Reader Response Criticism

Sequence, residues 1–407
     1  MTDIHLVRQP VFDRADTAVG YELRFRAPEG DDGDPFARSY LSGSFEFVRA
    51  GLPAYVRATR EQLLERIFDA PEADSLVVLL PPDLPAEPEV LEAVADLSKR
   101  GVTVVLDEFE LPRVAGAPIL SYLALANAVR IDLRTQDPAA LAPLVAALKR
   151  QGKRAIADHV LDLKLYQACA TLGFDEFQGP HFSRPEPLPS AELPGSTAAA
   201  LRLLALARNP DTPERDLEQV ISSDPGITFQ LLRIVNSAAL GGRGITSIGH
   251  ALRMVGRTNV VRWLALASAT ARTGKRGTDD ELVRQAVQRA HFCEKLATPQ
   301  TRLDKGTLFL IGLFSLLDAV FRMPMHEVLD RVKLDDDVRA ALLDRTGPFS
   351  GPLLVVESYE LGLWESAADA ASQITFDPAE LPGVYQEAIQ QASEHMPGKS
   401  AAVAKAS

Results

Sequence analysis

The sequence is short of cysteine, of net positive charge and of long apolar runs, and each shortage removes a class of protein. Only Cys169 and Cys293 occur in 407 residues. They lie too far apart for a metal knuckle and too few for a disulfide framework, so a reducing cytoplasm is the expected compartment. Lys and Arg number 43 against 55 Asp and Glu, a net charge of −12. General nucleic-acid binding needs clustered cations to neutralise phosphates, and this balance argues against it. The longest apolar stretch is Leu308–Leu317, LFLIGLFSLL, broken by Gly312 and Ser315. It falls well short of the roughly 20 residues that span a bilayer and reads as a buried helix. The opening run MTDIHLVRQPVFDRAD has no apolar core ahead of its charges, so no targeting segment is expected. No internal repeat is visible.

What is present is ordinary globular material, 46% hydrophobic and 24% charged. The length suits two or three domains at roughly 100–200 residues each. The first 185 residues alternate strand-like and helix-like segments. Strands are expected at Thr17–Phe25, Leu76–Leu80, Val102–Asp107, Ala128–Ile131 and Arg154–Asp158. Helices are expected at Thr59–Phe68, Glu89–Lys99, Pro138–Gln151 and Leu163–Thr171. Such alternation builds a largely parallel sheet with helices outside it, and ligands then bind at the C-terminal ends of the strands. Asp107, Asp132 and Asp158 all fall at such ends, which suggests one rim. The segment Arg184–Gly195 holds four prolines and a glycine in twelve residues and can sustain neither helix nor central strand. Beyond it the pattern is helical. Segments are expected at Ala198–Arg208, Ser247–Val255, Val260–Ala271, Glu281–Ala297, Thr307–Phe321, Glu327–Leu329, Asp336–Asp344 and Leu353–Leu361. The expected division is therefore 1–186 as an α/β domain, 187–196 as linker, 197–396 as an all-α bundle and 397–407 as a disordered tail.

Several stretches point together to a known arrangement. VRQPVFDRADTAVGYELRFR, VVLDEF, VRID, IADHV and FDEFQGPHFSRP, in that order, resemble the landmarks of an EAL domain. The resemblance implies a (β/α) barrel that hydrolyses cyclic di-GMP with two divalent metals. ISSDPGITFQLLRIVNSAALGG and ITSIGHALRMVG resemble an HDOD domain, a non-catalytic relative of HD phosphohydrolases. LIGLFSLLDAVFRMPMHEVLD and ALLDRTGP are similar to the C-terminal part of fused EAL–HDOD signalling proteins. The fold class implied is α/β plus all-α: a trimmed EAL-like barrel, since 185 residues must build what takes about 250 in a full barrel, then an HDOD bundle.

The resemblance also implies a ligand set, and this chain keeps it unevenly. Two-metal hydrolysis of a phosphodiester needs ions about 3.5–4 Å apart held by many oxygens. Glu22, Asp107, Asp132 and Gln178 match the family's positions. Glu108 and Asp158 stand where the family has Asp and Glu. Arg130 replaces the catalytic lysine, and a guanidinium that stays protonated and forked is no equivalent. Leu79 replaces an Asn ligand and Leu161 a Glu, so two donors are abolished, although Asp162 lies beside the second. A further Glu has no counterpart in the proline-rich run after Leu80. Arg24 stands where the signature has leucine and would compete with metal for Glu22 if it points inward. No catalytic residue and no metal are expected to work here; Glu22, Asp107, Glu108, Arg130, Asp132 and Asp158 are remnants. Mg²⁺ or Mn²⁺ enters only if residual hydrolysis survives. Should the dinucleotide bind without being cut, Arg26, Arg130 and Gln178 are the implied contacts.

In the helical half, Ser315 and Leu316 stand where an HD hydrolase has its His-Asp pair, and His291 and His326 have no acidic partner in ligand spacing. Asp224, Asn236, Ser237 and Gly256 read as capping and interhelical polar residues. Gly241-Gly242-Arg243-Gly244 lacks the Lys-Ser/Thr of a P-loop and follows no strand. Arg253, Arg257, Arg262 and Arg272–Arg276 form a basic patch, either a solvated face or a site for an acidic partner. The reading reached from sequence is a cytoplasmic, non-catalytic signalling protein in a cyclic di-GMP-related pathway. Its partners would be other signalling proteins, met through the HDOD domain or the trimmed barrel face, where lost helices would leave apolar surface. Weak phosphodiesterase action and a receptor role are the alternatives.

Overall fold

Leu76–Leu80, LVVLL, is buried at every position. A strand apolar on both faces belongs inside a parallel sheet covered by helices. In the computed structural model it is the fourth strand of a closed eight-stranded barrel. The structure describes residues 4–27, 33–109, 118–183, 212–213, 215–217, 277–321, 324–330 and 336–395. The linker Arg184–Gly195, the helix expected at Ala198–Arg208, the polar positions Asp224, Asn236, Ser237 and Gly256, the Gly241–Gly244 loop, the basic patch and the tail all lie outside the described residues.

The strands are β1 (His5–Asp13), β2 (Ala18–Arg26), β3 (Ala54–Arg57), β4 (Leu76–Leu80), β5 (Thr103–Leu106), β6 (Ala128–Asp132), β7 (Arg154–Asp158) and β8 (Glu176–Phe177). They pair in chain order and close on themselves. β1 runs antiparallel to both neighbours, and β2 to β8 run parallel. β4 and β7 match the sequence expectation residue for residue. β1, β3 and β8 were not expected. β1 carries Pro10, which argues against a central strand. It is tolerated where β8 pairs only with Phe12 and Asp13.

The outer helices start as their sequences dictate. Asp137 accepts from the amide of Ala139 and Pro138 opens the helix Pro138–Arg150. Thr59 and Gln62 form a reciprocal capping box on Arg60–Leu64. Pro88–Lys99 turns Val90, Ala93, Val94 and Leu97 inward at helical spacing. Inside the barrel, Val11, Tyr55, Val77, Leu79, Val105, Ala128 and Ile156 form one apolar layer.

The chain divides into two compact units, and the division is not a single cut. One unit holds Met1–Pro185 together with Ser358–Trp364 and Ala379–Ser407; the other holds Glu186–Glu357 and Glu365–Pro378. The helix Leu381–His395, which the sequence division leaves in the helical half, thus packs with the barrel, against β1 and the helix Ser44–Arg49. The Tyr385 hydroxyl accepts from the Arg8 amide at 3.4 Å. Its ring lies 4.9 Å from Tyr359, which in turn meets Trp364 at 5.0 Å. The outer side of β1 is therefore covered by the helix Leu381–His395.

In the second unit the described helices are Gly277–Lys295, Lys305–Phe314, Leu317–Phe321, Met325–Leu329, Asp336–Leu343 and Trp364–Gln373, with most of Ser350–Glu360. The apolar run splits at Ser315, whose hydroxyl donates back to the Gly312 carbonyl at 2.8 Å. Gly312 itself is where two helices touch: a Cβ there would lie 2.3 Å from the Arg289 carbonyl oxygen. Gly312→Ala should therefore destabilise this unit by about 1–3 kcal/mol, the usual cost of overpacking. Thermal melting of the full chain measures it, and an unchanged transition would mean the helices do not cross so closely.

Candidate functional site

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Fish’s Reader Response Criticism is composed of two interdependent ideas: first, that the meaning of texts is shaped by the reading experience itself, and second, that these meanings cannot be judged to be correct or incorrect, but merely belonging to one “interpretive community” or another. The first idea may be identified as the executive aspect of Reader Response Criticism because it analyzes the act of reading, while the second idea is the epistemological aspect of the theory because it circumscribes the knowledge we can acquire about a text to the merely relative. Studied independently, each aspect of Reader Response Theory offers by itself strong arguments countervailing the formalist stance of the New Critics. But as we will see, the application of Fish’s theory as a whole creates distinct interpretive communities which can be judged for their relative truth values, which leads to a contradiction: if one interpretive community is closer to “the truth” than another, then either the executive theory is wrong because an objective text exists, or the concept of interpretive community is irrelevant because we can make value judgments about a particular interpretation. At any rate, logic dictates that Fish’s theory be internally consistent, and as shown below, this is simply not the case. We will show how Fish's theory defeats itself by applying it to a curious fragment from Marguerite Yourcenar's Mémoires d'Hadrien, a long, imagined meditation from the dying Roman emperor Hadrian. In the original French, Yourcenar writes, La chair elle-même, cet instrument de muscles, de sang, et d’épiderme, ce rouge nuage dont l’âme est l’éclair. It is possible to provide a word-for-word translation with no loss of specificity: The fl... ... middle of paper ... ...through a simple misunderstanding extract such a thing as an incorrect meaning from a text. Hence we have found Fish's “disappearing” text, a thing apart from the reader. Secondly, we have used different understandings of a text to synthetically create two antagonistic interpretive communities which we have been able to judge absolutely. The feasibility of this judgment refutes Fish's argument that literary criticism should be confined to creating and grouping interpretations, but not judging them. In effect, we have shown that the tools of executive Reader Response Criticism allow us to judge the interpretive communities created by the epistemological Reader Response Theory. We have not proven that either aspect of the theory is unviable, but we have discovered that Reader Response Theory is an incoherent whole, unable to accommodate its overreaching constituents.
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